Rebecca Raven, 32, had been working as an art teacher at Howell’s School in Denbigh, North Wales, since October 2008.
However, after becoming pregnant and applying for maternity leave in May of last year, the independent girls’ school told her she would have to leave at the end of the summer term.
Ms Raven was then informed that she could apply for a part-time post as an art teacher, but when she applied she was not appointed, said her union the Association of Teachers and Lecturers (ATL).
Speaking to the Press Association, Ms Raven recounted her shock when she was first told of her dismissal.
“I couldn’t believe it when the school told me I was being dismissed. I had loved working with the girls and really enjoyed my time at the school. It had been such a lovely school that two of my children went there too,” she said.
The case was taken to an employment tribunal in Shrewsbury, which yesterday (June 6th) ruled that the school was guilty of unfair dismissal under Section 99 of the Employment Rights Act and of discrimination under the Equality Act 2010.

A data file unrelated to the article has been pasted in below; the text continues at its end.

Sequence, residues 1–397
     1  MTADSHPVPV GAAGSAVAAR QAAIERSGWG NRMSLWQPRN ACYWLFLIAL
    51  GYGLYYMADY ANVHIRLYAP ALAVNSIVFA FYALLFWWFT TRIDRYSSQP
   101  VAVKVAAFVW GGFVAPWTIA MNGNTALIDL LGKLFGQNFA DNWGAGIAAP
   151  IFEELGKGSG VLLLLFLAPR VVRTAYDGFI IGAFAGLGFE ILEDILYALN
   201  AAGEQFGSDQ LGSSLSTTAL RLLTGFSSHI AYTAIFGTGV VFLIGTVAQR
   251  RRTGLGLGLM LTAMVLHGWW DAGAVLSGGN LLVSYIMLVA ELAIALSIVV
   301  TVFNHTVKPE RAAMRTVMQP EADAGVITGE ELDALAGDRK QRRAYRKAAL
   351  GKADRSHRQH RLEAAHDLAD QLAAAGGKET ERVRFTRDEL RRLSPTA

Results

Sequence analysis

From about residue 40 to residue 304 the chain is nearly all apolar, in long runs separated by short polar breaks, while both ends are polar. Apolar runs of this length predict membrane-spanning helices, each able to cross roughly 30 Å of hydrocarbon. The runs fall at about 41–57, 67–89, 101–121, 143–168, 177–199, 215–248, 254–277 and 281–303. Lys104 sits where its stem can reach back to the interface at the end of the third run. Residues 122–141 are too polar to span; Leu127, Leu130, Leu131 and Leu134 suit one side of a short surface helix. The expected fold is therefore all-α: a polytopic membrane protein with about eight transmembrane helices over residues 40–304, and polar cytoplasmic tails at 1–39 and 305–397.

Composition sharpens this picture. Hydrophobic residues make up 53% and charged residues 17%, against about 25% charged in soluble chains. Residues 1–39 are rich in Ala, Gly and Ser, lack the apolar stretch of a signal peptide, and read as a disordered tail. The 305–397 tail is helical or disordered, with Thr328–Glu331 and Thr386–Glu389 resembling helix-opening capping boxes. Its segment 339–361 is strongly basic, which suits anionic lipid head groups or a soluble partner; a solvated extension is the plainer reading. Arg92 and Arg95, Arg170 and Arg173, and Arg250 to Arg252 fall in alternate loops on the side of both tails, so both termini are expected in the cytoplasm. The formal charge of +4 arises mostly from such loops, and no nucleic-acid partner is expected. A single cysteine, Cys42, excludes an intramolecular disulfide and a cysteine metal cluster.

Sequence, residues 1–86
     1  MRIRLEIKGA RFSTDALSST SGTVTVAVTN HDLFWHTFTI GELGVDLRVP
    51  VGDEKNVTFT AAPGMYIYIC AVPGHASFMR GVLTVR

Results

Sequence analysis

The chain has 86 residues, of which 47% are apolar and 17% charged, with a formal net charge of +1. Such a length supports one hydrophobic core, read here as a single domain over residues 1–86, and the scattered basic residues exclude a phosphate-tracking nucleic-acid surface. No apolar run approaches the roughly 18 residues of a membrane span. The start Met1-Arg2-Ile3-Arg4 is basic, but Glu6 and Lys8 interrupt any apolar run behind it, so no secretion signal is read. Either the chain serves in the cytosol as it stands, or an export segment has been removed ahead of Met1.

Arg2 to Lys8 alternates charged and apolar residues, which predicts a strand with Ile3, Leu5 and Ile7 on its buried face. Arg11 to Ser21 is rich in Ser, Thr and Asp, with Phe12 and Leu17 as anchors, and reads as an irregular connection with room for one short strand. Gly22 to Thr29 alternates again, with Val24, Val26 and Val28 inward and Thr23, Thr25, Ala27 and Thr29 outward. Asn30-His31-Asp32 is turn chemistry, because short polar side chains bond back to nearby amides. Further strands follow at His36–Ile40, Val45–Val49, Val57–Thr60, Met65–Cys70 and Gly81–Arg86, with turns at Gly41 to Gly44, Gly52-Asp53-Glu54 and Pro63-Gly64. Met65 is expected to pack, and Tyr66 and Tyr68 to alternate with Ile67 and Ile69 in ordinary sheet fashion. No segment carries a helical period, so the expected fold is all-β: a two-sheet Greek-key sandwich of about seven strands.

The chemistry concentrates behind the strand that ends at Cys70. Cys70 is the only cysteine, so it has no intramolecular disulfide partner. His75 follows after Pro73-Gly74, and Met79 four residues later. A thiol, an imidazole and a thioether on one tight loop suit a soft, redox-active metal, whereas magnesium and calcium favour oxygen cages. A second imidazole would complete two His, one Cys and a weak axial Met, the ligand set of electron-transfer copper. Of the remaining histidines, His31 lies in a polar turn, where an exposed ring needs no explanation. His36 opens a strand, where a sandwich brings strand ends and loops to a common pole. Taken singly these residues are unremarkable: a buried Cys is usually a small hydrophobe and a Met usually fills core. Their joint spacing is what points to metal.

Dr Philip Dixon, director of ATL Cymru, said: “The supreme irony of a girls’ school dismissing a teacher when she became pregnant almost beggars belief.
“This is an appalling example to give to pupils who are, hopefully, being educated to be young, independent women with fulfilling careers and lives.”
A spokesperson for Howell’s School said that the school was “disappointed” by the tribunal’s decision and is considering an appeal.
“As an all-girls school we have many female teachers. We are therefore experienced at dealing with staff pregnancies and as an employer we continue to operate within our equal opportunities policies,” they added.